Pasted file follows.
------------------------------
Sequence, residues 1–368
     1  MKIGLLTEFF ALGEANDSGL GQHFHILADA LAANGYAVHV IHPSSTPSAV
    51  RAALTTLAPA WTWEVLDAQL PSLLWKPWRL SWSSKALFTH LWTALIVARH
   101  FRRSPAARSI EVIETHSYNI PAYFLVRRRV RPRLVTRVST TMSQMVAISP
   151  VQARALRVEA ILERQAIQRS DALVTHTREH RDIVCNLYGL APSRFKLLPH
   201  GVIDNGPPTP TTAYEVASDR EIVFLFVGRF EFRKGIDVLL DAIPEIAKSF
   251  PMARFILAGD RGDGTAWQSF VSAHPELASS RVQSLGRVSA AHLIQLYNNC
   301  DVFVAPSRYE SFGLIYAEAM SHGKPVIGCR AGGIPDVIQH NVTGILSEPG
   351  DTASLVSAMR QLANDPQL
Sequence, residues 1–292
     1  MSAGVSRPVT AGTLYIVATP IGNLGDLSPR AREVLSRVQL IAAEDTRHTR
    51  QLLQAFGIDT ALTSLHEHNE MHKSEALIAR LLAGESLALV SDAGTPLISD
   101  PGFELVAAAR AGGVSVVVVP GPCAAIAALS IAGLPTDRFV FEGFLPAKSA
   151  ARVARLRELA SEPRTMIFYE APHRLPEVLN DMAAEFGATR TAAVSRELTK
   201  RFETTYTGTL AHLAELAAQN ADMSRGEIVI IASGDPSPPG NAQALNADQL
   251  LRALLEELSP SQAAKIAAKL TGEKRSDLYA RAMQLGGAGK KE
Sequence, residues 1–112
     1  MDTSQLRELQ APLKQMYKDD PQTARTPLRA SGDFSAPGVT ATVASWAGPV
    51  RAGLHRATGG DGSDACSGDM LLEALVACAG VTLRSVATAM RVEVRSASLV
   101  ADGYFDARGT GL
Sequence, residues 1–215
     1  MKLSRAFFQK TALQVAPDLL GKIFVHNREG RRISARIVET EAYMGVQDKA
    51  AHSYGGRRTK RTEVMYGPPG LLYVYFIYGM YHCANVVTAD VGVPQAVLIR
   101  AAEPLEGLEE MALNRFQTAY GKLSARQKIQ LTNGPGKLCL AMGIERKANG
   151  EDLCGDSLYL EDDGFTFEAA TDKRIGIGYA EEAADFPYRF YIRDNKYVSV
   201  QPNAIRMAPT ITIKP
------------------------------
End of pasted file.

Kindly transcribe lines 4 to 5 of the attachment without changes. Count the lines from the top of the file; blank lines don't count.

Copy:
   101  FRRSPAARSI EVIETHSYNI PAYFLVRRRV RPRLVTRVST TMSQMVAISP
   151  VQARALRVEA ILERQAIQRS DALVTHTREH RDIVCNLYGL APSRFKLLPH